And now that that ball is rolling, there are other things that would be nice to see in the 21st century. My D-side could select "send route as displayed in URET". There could be a "Contact Center on (whatever sector has track control's frequency)" button" When a message is sent, the datablock would indicate that somehow, and then change when the message is received. We'd only need to send one message to each plane at a time since we still have voice communications as a primary way to issue clearances.

Any other ideas?

Thanks for the comments so far.

Till next time....


May 27, 2011

Time Out - NextGen Ramblings

Apparently, we skipped spring and jumped right into summer. Every single shift this past week was a doozy, and I've resorted to a triage of sorts to decide if any of it is blog-worthy. So far, I've been distracted by the latest article at the Praxis Foundation (link on the right).

I'd like to talk to you about "data-link communications."

Some older controllers in my area dismiss the whole thing; Data-link has been "imminent" for 15 years. That may be the case. As a member of the newer generation of controllers, I'm not afraid of change for changes sake. But, even I can't see this integral part of NextGen getting off the ground. Here is why:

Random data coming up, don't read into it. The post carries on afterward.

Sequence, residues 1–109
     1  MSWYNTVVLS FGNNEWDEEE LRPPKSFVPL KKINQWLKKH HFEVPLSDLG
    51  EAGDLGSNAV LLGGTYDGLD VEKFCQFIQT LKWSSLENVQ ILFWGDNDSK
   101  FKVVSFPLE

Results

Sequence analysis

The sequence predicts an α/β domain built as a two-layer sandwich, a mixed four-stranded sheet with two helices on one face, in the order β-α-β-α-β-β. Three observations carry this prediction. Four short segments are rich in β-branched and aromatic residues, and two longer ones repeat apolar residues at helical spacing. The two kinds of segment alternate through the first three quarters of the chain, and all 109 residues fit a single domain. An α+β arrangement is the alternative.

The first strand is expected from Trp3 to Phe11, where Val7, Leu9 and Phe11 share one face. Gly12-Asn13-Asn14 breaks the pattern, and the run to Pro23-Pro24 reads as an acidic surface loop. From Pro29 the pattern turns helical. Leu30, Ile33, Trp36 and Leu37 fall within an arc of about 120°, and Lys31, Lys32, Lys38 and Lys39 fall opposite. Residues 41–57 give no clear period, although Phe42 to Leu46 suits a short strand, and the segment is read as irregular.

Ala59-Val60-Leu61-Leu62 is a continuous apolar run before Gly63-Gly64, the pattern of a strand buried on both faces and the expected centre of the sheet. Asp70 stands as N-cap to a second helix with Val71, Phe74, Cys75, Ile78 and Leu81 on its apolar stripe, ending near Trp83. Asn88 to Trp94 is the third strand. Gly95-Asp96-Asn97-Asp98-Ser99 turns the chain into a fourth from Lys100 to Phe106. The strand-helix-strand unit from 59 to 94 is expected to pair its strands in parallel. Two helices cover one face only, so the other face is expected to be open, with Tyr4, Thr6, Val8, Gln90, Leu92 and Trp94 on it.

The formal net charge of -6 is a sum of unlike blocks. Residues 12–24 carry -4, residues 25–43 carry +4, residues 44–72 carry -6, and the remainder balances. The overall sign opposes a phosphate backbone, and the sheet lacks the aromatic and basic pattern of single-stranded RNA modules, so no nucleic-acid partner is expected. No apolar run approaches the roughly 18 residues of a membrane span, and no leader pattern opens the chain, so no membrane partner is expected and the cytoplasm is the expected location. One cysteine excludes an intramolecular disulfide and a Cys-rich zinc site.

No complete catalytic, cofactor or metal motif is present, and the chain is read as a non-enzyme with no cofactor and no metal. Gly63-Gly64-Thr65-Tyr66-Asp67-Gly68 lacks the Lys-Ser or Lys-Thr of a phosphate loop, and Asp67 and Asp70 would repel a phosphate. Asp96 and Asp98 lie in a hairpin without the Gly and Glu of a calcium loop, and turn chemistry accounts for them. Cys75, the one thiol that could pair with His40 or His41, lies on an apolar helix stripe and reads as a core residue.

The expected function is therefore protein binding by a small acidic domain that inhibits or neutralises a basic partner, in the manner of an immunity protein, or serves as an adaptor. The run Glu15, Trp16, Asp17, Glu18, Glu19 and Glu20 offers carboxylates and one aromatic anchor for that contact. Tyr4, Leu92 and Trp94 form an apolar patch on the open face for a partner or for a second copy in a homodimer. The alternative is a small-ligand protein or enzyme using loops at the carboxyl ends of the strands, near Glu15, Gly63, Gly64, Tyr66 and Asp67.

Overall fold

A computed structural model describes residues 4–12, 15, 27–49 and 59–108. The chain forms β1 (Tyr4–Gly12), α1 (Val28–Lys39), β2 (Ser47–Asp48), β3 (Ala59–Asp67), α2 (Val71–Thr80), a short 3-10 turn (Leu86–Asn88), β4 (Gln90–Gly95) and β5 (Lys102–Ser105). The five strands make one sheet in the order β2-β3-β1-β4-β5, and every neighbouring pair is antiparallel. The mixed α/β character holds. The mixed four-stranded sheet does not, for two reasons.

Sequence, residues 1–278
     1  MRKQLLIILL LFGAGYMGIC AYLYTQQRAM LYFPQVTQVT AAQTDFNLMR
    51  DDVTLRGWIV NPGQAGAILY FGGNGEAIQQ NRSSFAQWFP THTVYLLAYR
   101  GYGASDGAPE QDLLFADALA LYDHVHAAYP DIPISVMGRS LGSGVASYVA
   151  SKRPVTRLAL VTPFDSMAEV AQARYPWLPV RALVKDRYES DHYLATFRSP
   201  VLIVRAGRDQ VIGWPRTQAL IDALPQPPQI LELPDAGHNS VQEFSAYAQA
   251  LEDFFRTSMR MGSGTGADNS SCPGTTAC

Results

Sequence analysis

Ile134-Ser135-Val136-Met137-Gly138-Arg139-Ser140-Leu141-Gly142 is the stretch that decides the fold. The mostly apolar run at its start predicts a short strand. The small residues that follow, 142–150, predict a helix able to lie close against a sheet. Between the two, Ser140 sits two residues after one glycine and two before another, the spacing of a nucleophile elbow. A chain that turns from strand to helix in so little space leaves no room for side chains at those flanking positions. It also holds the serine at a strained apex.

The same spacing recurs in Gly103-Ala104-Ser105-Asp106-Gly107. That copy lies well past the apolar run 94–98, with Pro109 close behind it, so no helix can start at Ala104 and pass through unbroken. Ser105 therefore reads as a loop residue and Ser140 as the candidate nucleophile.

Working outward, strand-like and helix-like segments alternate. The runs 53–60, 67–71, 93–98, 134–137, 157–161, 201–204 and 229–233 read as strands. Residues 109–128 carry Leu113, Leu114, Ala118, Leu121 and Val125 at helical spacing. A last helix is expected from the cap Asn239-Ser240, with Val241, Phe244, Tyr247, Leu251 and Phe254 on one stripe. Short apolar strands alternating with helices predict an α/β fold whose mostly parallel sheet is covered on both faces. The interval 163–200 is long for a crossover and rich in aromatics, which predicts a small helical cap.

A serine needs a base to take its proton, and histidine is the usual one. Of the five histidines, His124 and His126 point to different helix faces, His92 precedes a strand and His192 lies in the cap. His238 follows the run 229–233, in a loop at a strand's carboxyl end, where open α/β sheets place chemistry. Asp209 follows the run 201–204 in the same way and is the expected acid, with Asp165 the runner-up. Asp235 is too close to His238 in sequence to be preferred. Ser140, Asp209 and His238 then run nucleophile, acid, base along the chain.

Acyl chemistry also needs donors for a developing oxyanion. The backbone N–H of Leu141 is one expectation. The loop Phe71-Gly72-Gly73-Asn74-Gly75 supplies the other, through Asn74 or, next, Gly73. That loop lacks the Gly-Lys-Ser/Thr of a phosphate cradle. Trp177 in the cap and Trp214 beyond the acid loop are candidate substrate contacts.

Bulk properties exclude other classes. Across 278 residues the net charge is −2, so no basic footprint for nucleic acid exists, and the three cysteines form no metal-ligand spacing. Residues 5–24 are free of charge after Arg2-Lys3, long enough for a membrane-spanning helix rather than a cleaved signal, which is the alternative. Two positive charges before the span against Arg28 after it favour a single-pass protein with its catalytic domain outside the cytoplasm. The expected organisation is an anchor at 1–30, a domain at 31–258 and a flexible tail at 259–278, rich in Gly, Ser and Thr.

1 - What is the last thing you want your bus driver/airline pilot/train engineer doing when you're sitting in the back with your life in their hands? Texting on the cell phone, right? Data-link is texting while driving. A message is received, and one or both pilots have to put their head down and read the message, and then presumably, they have to text someone back that they received the message. Currently, pilots respond on the radio by holding down a button, either on the control stick or nearby in an easy to reach spot (see picture below, arrow points to a little red button - push to talk). Left hand on the yoke, with one finger dedicated to talking on the radio, the right hand is on the throttle. Where in this cockpit would you put the screen to get ATC clearances? I say we keep the clearances in the headset so the eyes can stay focused out the window looking out for things like other airplanes, weather, mountains and/or the runway.